– There would be no real reason to choose one financing location over another based upon interest rate differences (government subsidies are the exception).
– If an exchange rate changes due to inflation in the foreign country, the domestic currency value of a real asset held in that foreign currency will not necessarily change, because the exchange rate effect upon value will be offset by the inflationary effect upon value.
– Generally, real assets held in other countries tend to experience increases in value as inflation increases, where as monetary assets do not and therefore they are serious candidates for the hedging of exchange risk.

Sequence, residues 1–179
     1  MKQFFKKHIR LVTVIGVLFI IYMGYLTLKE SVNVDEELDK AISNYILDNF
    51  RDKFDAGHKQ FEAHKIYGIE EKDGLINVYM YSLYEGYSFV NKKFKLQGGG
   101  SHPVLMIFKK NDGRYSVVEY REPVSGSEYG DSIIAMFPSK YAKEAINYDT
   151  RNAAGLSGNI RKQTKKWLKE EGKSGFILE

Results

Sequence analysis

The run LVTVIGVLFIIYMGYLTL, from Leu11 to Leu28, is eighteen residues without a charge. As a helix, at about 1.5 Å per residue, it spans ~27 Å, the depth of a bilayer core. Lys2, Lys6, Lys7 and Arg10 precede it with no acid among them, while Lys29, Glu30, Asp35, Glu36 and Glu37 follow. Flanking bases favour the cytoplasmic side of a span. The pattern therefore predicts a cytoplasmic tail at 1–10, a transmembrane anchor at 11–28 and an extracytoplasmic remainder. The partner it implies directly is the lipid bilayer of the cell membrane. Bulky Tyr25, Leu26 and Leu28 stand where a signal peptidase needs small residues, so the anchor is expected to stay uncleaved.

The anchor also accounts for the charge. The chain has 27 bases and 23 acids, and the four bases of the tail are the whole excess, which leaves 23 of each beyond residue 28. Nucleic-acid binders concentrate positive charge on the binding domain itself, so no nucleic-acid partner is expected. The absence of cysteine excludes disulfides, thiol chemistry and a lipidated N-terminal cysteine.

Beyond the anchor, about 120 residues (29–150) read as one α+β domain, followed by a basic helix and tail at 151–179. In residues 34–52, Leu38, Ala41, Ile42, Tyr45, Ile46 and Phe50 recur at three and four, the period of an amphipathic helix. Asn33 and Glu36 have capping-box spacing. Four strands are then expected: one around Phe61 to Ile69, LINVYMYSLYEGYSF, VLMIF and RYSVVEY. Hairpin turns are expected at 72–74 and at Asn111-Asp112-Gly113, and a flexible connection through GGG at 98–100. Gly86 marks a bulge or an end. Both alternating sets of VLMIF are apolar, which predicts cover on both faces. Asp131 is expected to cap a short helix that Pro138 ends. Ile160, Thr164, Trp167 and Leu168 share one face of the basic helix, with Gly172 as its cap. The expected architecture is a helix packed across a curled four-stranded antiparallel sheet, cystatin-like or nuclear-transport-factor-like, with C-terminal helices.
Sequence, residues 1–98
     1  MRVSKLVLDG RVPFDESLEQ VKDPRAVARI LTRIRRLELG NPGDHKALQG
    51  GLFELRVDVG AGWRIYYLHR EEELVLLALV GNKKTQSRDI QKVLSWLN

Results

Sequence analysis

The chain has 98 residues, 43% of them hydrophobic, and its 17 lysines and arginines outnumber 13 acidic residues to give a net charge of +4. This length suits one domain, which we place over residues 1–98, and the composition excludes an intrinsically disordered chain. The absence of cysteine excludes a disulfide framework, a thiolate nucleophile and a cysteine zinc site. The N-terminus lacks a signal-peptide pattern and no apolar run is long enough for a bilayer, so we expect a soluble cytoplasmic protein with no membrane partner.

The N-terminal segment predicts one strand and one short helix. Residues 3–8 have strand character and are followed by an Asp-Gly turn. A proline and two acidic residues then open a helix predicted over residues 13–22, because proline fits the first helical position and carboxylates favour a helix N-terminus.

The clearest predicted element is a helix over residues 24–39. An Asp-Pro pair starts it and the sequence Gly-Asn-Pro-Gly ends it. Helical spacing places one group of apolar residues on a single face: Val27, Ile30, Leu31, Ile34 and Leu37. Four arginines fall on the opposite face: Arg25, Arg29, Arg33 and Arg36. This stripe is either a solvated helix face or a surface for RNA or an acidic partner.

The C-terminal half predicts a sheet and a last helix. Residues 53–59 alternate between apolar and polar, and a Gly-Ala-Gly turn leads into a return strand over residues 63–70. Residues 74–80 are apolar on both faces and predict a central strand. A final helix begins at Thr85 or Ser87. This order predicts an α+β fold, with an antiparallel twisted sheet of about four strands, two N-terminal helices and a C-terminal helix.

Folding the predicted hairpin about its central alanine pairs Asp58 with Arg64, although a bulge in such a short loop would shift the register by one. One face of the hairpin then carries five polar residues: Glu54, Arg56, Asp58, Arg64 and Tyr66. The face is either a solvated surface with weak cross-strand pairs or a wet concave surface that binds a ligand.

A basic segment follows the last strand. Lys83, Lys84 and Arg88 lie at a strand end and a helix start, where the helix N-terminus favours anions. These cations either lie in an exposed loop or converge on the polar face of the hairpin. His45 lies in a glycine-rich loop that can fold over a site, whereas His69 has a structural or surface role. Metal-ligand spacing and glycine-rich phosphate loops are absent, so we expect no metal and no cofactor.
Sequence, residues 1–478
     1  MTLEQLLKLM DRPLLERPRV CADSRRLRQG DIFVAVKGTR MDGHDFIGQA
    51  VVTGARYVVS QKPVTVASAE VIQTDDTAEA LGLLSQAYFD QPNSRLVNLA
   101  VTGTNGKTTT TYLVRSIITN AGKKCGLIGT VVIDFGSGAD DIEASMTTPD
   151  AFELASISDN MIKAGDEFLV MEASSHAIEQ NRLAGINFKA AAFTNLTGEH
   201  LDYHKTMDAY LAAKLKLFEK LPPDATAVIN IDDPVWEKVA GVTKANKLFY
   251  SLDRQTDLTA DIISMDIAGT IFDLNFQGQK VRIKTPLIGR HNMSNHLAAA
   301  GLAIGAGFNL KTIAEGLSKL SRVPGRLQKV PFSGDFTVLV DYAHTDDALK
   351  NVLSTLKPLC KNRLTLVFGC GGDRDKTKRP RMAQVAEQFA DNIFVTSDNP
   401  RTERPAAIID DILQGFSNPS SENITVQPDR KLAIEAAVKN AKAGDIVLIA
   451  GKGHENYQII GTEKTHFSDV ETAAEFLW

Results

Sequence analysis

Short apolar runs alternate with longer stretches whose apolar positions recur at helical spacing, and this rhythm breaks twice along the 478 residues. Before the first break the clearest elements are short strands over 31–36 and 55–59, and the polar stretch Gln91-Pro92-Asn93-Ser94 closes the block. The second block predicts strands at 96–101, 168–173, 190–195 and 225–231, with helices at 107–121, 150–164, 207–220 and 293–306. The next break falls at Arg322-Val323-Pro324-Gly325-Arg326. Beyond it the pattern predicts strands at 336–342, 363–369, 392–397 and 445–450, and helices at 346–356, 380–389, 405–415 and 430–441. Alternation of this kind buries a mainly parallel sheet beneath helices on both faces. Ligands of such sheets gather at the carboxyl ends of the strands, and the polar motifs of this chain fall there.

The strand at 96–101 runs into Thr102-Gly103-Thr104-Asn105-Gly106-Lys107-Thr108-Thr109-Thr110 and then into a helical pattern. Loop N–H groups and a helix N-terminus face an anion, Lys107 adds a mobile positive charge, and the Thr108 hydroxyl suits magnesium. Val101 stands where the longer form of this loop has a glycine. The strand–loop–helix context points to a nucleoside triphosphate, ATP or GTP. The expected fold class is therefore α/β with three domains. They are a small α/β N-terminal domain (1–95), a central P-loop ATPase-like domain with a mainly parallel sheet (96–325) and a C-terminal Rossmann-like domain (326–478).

– There is also a truly international capital market from which companies can borrow. In it, long-term funds are usually called eurobonds, whereas short-term borrowings are called eurocurrency.
– Often borrowing rates are slightly lower in eurobond/currency markets due to lower regulatory costs.
– Repatriation of funds is often a problem for companies whose shareholders are foreigners. Some countries have significant measures in place that seek to keep profits earned by foreign firms within their borders. Such things as management fees, royalties, loan interest and principal repayments, and transfer payments are used to repatriate funds to the domestic parent company.